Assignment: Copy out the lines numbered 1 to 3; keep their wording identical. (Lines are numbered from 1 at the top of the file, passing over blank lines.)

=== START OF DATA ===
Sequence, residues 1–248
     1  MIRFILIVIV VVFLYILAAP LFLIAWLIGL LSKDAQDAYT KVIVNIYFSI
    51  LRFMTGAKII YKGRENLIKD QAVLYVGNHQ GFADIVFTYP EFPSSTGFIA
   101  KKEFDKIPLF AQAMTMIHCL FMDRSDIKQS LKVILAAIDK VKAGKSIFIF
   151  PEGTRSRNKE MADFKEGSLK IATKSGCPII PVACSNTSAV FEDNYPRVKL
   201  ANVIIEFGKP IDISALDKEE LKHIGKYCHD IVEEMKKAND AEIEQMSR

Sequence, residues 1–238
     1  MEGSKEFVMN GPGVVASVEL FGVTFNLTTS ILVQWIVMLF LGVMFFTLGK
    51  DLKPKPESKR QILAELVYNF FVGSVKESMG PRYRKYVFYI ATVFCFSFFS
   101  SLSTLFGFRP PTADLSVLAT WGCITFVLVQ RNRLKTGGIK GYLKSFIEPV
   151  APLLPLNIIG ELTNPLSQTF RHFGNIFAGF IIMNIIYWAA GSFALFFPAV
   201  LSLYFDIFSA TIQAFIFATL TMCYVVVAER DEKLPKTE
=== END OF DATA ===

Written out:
Sequence, residues 1–248
     1  MIRFILIVIV VVFLYILAAP LFLIAWLIGL LSKDAQDAYT KVIVNIYFSI
    51  LRFMTGAKII YKGRENLIKD QAVLYVGNHQ GFADIVFTYP EFPSSTGFIA